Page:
Judas Priest guitarist has mid-show aortic aneurysm, keeps playing, survives

One of the most serious cardio-vascular disasters that can happen to a person is to have your aorta rupture. When that happens, no fresh blood gets to the rest of the body and you bleed out inside your chest cavity.

This is exactly what happened to Judas Priest guitarist Richie Faulkner during a gig in Louisville, Kentucky, on September 26. Priest was playing the Louder Than Life festival and during the song “Painkiller,” Richie suddenly felt unwell with some incredible pain in his chest. And no wonder.

During that moment, he suffered something called an “aortic aneurysm and complete aortic dissection.” This is bad. Very, very bad. Most people never survive. Yet Richie finished the set and made it to the hospital where he underwent emergency surgery.

Watch the video and see if you can spot exactly when it happened.

Here’s another angle. You can see the expression on his face change at around the 2:30 mark.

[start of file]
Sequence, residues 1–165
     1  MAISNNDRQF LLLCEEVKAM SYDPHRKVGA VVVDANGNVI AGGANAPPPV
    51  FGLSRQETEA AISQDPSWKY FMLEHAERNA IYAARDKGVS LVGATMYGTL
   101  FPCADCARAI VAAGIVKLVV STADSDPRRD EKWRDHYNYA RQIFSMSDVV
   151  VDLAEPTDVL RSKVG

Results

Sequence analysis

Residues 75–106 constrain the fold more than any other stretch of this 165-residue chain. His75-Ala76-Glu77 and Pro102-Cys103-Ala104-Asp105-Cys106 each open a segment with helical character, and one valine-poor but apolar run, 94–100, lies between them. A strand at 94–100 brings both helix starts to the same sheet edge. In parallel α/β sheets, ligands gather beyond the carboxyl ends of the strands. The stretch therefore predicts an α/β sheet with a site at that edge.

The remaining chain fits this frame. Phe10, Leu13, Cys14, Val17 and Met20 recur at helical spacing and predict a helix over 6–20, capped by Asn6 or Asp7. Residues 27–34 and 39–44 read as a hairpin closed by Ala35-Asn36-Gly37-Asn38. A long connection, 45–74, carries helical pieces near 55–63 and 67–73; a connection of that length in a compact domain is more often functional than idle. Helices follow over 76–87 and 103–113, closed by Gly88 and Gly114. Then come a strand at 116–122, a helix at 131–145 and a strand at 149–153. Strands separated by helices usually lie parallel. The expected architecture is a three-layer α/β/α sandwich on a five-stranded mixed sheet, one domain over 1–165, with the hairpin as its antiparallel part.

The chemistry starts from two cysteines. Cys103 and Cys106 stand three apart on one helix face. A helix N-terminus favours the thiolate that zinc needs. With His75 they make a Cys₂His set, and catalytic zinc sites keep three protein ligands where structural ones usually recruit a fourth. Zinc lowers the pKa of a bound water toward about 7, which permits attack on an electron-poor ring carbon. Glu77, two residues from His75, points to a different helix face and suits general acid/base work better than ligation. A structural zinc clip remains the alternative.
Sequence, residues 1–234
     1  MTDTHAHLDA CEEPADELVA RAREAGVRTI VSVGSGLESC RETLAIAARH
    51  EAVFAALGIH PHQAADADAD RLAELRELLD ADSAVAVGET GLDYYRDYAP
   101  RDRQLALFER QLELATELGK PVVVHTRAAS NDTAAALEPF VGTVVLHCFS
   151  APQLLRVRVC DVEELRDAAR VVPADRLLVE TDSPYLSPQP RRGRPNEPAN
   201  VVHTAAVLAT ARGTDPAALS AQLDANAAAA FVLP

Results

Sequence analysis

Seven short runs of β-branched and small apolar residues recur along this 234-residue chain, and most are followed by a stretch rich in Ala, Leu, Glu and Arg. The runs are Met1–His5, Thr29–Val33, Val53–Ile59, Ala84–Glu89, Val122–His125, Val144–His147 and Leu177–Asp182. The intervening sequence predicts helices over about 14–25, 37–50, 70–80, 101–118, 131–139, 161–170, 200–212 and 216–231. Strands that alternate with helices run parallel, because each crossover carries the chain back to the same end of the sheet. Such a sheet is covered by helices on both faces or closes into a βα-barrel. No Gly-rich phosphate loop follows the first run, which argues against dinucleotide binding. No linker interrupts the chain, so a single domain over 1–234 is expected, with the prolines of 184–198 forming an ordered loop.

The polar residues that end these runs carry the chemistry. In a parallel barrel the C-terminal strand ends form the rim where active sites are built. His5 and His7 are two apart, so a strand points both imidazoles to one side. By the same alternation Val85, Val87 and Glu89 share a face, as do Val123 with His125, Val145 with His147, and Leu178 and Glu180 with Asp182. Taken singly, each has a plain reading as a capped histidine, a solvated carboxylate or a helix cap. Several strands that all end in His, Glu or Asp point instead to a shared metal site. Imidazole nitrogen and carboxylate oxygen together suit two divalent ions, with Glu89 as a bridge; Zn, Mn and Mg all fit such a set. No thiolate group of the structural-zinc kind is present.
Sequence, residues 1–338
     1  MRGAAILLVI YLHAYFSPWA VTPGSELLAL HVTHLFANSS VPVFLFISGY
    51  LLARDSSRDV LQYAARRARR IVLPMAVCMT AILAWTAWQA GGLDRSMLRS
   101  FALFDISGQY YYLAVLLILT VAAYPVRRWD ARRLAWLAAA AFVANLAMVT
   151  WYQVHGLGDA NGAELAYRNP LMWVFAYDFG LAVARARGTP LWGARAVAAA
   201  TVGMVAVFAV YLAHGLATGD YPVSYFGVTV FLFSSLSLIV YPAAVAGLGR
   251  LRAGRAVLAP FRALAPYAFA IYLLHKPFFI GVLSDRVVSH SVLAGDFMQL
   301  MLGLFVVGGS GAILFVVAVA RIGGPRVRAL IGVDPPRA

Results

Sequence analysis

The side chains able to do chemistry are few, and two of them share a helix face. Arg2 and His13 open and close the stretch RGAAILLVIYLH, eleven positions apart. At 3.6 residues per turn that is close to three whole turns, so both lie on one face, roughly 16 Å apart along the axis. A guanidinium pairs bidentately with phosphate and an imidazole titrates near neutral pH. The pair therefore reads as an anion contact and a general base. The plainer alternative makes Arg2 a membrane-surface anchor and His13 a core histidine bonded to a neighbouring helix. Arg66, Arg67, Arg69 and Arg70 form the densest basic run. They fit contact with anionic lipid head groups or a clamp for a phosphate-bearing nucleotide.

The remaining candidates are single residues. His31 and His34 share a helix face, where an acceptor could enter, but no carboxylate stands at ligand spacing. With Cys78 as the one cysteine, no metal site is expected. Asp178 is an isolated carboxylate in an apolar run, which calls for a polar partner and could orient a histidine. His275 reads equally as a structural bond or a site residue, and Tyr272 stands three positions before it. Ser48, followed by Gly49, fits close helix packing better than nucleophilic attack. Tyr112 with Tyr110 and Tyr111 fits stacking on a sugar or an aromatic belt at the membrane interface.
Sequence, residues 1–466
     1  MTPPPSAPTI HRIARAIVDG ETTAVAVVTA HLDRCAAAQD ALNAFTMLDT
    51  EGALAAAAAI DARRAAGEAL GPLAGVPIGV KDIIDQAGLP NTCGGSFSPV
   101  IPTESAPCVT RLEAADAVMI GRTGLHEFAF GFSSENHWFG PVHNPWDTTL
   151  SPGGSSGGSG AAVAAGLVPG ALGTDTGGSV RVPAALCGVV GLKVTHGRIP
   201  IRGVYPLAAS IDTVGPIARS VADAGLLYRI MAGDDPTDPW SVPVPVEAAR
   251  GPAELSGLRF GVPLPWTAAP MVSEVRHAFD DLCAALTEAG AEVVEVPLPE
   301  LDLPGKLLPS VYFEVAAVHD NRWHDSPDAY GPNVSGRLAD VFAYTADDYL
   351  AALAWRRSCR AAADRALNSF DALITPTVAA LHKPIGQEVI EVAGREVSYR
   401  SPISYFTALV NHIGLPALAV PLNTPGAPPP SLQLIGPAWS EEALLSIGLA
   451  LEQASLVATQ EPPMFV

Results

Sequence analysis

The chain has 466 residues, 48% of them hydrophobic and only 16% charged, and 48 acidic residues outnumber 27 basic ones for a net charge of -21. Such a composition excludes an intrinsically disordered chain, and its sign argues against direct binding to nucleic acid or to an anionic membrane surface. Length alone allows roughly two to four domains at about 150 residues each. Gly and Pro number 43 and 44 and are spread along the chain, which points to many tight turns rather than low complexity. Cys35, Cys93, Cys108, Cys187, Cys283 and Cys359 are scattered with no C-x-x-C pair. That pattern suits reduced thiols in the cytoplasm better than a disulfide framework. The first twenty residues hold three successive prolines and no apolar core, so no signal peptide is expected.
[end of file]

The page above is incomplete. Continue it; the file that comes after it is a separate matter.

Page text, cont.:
Here’s what Richie had to say (via a press release):

“As I watch footage from the Louder Than Life festival in Kentucky, I can see in my face the confusion and anguish I was feeling whilst playing ‘Painkiller’ as my aorta ruptured and started to spill blood into my chest cavity. I was having what my doctor called an aortic aneurysm and complete aortic dissection. From what I’ve been told by my surgeon, people with this don’t usually make it to the hospital alive.

“I was taken to nearby Rudd Heart & Lung Center [which was just four miles away] and quickly went into what turned out to be a 10 ½ hour emergency open-heart surgery. Five parts of my chest were replaced with mechanical components. I’m literally made of metal now.”

How did he make it? The adrenaline of playing live kept him alive.

Normally, Priest would have played a longer set but were limited to just one hour by the constraints of the festival set-up. Had they played their usual set, he might have died right there on stage.

Jeezus. How metal is that?

Alan Cross

is an internationally known broadcaster, interviewer, writer, consultant, blogger and speaker. In his 30+ years in the music business, Alan has interviewed the biggest names in rock, from David Bowie and U2 to Pearl Jam and the Foo Fighters. He’s also known as a musicologist and documentarian through programs like The Ongoing History of New Music.

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